Nedracita Rangimarie Dunn (Wetere)
Matua, tama, wairua tapu me ngā anahera pono me te māngai Ae!
Te tīmatanga o ngā whakaaro nui
E wehi ana ki te Atua
Kia whakahonoretia tō tātou Kīngi, a Kīngi Tuheitia Pōtatau Te Wherowhero Te Tuawhitu
E mihi ana ki tōna whare ariki
Oti rā ki te kahuiariki nui tonu
It is humbling to have been elected as a Trustee for our Marae.
I am the third child of six children born to Koro and Girlie Wetere and the mokopuna of William (Bill) and Amy Edwards, my maternal grandparents who raised me on our farm at Ōpārau.
I attended Ōpārau Primary School in the earlier years before moving back to live with my parents in Te Kuiti and Otorohanga. I am married to Craven Dunn (Ngapuhi/Te Rarawa). We have two boys Tony and Grayson and a daughter, Jaudyn (deceased) who is buried in Waipapa Urupa next to her tūpuna. I have two mokopuna, Ritihia and Brodie who reside in Perth, Australia with their parents, Tony and Lindy Dunn. Their Uncle Grayson also lives in Perth with partner Emma.
My playground was the marae, where I watched and learnt at an early age how important the marae was to my family and extended whānau. The two driving forces that influenced my life growing up was the Kiingitanga and my belief in the Hāhi Ratana. My teachers were my grandparents, parents and whānau. Dad instilled in us as children the importance of relationships whether they be with Māori or Pākehā. Likewise, the values of our Hāhi and the Kiingitanga enriched our lives.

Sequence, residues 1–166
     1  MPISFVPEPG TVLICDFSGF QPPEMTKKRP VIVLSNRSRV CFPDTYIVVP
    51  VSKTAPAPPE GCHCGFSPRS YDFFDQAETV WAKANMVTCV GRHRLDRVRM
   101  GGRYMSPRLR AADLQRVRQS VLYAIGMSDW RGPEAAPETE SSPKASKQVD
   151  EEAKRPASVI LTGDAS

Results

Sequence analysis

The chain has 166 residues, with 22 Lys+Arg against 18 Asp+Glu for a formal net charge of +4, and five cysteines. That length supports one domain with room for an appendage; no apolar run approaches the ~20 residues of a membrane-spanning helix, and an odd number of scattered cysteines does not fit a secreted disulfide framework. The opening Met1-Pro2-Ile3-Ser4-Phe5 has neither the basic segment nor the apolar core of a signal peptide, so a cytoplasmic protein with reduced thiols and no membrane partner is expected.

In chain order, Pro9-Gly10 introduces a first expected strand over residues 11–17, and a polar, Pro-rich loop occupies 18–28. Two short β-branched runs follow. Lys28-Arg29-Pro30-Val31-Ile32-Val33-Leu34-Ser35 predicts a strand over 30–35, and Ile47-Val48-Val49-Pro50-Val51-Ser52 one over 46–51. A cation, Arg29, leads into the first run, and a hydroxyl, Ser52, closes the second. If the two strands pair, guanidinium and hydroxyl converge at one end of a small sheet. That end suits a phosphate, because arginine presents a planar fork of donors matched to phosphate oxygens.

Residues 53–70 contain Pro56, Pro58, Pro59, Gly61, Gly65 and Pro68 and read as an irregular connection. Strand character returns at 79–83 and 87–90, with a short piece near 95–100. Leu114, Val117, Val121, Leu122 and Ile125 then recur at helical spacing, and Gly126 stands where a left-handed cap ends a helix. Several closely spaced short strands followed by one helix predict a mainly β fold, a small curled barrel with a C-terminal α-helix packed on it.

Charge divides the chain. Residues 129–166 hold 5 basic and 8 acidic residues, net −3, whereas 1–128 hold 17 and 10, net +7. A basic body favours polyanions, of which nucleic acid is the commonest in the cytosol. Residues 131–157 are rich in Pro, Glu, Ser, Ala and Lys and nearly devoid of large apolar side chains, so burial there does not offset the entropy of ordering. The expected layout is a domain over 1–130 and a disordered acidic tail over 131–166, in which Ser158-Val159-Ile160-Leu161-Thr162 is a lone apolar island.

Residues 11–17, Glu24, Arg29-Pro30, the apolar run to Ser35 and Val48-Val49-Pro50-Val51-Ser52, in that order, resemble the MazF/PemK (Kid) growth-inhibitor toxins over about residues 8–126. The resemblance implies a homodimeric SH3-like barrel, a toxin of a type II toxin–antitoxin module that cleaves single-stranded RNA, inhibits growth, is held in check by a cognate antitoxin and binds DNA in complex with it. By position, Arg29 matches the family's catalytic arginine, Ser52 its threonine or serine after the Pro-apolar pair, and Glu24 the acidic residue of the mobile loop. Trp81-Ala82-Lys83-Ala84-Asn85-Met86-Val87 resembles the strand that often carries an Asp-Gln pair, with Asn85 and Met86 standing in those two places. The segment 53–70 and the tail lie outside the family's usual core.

My Grandfather, Mother and Aunty Penny were Waipapa Trustees for many years, enhancing the message that in order to lead from the front your journey should have started at the back (kitchen). Their drive was to ensure that the Marae grew and prospered for all to enjoy.
As was their vision for Waipapa, I believe we have the ability to move forward sourcing available resources, to better our future for our Marae and our whanau, working collectively together to achieve that.
We are building something that will be enduring for future generations. I am committed to breathing new life into our Marae so that it is self-sustaining in the long term.
A well-known Whakatauki by the late Te Puia Herangi epitomizes the essence of what I believe we can do as a Marae and people.
Mahia te mahi hei painga mo te iwi. Manaakitia te iwi, whangaaia te tangata. Kia mau te aroha me te rangimarie.
E te Iwi, noho iho rā i runga i te aroha o te Atua.